Magazine article Business Asia

Asia Unites against Terror: Asia Now Stands United in the Fight against Terror. How Has the Recent Terrorist Attack on Bali Affected the Region, and What Is Being Done to Ensure Future Stability? (Cover Story)

Magazine article Business Asia

Asia Unites against Terror: Asia Now Stands United in the Fight against Terror. How Has the Recent Terrorist Attack on Bali Affected the Region, and What Is Being Done to Ensure Future Stability? (Cover Story)

Article excerpt

If their own short histories are anything to go by, large regional groupings such as the Asia Pacific Economic Cooperation (APEC) and the Association of South-East Asian Nations (ASEAN) find it extremely hard to find common ground on most topics.

The horrific bombing of a crowded Bali nightclub on 12 October, however, has quickly galvanised the region's governments behind one common purpose. Bali bought home the awful truth that terrorism is at Asia's doorstep, and that Asia must do something about it.

Where previously the fight against terrorism was met with various levels of urgency throughout the region, the 21 member economies of APEC and the 10 member ASEAN group have now all firmly agreed that security must be at the forefront of their agendas. The growing realisation throughout the Asia Pacific is that the region's economic future is inextricably linked with security and safety.

Short-term

While the long-term economic effects of the Bali bombing on the region is unknown, most analysts agree that Asia, particularly South-East Asia, is in for some short-term pain.

Tourism, an essential part of the economic mix of countries like Indonesia, Thailand, Malaysia and the Philippines, will take a severe hit. Indonesia alone derives US$5.4 billion ($9.6 billion) from its tourism sector, with Bali accounting for 35 per cent of the country's total tourist arrivals from January to August. Almost 52,000 visitors fled Bali in the wake of the 12 October bombing, and expectations for the near future remain bleak.

The bombing will also have a ripple effect on neighbouring countries. Malaysia has already cut its forecast for tourist arrivals this year by 7.7 per cent. The Malaysian Government now expects 12 million arrivals this year compared with an earlier forecast of 13 million, according to Deputy Minister for Tourism Ng Yen Yen. Tourism is the second largest foreign exchange earner for Malaysia.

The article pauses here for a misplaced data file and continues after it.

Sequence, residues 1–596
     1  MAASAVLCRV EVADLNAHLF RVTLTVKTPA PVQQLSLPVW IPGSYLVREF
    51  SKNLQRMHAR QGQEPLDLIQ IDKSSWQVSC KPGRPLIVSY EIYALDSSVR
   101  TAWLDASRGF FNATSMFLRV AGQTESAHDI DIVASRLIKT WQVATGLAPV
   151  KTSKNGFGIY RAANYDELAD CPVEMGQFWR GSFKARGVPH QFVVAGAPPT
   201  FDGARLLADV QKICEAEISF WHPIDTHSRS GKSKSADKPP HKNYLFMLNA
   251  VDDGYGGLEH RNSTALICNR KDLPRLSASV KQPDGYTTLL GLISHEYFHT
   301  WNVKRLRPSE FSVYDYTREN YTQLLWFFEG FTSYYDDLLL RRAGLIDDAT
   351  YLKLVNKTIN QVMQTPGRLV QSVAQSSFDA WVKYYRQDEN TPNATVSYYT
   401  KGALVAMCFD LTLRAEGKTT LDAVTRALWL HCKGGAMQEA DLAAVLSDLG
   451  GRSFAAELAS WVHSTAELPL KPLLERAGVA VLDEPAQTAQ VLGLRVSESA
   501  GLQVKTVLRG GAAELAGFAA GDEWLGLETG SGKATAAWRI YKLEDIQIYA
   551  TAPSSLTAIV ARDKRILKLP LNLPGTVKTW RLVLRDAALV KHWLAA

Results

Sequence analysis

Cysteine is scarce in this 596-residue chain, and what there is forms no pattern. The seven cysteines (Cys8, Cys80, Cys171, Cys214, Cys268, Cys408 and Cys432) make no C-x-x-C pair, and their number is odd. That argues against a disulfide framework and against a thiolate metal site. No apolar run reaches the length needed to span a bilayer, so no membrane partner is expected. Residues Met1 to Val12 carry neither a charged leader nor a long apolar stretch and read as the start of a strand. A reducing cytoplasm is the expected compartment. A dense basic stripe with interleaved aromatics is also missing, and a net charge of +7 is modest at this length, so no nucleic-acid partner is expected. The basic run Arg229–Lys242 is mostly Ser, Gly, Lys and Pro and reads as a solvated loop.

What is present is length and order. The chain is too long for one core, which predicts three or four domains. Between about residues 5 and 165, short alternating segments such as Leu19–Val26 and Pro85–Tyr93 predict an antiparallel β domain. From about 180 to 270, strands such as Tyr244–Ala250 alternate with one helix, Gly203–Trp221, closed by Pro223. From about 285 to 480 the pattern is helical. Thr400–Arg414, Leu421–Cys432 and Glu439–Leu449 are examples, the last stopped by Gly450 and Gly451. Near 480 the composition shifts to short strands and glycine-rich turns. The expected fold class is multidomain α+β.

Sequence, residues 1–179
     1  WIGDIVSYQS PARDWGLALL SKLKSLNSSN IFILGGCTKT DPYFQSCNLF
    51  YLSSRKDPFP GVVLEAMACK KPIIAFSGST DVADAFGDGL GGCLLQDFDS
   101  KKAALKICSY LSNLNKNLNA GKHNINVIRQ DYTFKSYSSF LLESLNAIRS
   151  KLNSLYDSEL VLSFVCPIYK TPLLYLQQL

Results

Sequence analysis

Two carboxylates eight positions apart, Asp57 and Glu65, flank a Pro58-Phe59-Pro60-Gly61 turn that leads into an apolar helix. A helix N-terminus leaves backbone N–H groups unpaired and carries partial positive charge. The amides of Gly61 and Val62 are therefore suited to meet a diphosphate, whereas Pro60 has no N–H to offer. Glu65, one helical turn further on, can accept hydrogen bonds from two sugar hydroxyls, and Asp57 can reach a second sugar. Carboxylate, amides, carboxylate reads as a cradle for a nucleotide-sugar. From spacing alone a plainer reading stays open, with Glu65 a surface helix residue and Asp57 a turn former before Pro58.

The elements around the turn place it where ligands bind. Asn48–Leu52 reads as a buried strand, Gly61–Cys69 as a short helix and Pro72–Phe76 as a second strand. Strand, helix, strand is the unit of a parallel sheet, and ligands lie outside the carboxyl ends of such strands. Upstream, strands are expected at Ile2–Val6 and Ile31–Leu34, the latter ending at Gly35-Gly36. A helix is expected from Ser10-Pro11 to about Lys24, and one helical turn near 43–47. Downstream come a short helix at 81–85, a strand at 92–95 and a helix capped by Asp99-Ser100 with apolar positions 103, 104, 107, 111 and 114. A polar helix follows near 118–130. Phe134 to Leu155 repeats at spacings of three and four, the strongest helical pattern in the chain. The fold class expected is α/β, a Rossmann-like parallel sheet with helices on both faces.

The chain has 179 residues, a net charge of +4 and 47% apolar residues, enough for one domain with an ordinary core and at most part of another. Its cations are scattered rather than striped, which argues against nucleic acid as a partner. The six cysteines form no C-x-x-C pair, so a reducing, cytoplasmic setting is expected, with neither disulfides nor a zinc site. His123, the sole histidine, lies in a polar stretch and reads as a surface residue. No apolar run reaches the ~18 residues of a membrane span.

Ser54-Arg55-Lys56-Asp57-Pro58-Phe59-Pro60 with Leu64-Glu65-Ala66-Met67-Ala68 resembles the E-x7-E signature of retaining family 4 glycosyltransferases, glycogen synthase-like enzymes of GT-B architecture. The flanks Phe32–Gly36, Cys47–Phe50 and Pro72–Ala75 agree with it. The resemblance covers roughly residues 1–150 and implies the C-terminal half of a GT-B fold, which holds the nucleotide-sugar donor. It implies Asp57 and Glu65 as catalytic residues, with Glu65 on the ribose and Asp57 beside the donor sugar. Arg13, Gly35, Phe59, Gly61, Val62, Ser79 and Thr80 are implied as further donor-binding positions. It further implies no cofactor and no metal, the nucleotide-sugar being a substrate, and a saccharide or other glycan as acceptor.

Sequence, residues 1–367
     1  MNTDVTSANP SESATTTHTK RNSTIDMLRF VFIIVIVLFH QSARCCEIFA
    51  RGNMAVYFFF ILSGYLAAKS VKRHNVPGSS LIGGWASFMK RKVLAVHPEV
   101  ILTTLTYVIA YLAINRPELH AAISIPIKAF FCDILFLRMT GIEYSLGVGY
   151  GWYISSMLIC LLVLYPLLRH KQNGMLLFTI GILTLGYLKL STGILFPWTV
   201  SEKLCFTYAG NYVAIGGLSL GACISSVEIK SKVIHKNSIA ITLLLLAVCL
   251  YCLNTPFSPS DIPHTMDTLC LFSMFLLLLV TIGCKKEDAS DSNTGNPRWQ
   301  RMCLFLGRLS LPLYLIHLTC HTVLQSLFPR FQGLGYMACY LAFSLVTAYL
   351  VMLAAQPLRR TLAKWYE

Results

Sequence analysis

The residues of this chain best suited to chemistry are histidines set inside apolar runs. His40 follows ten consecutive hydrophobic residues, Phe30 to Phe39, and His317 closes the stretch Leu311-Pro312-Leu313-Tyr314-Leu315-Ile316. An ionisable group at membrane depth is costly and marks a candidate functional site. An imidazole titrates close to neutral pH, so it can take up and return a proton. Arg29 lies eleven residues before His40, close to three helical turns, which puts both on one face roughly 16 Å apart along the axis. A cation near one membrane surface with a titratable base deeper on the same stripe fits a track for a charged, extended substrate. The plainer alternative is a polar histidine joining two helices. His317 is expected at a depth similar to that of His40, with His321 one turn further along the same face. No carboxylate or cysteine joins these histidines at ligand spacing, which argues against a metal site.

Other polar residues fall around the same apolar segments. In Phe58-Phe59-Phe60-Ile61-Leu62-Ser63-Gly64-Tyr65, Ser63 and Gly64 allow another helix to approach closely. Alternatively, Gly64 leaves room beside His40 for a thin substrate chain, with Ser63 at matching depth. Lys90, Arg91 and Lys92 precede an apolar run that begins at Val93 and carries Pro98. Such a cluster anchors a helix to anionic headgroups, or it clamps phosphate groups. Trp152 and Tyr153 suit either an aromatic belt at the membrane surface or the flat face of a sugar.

"The 11 September events affected our market from America, and Bali has surely affected our market from Australia," Ng said. "Taiwan is slowing as well."

Investment doubts

Foreign investment in South-East Asia will also be affected, analysts say.

Investment to South-East Asia was already under pressure this year as foreign companies looked increasingly towards North Asia, particularly China. The taint of uncertainty and danger in the region, while it remains, will continue to have a negative effect on investor sentiment.

Malaysian Prime Minister Mahathir Mohamad has conceded that the Bali terror attack would drive away investors.

"It will affect the investment climate because people feel now more insecure," he said. "You can have all kinds of security measures, but people will continue to feel insecure because there is no security measure that is foolproof."

Daniel Lian, a Singapore-based economist with Morgan Stanley, said the Bali attack could permanently raise the risk-premium investors demand for putting their money in South-East Asia.

"If Western tourists and capital--ie, foreign direct investment and portfolio money--further shun Indonesia and South-East Asia at large because the region is perceived to be a hotbed of active terrorism, the region's economies will be further marginalised."

Standard Chartered Bank agreed and said the upshot could be to make China and other fast-growing economies of North-East Asia even more attractive in the eyes of international investors.

Growth slowing

With tourism and investment set to be drastically affected, the region's economies can also expect to post lower than expected growth rates. Forecasts for Indonesia and Malaysia have already been revised. The Indonesian Government has predicted growth of 3.8 per cent this year, down from earlier forecasts of four per cent. The Malaysian Institute of Economic Research, one of the nation's leading think-tanks, has cut its 2002 growth prediction by half a percentage point to four per cent. …

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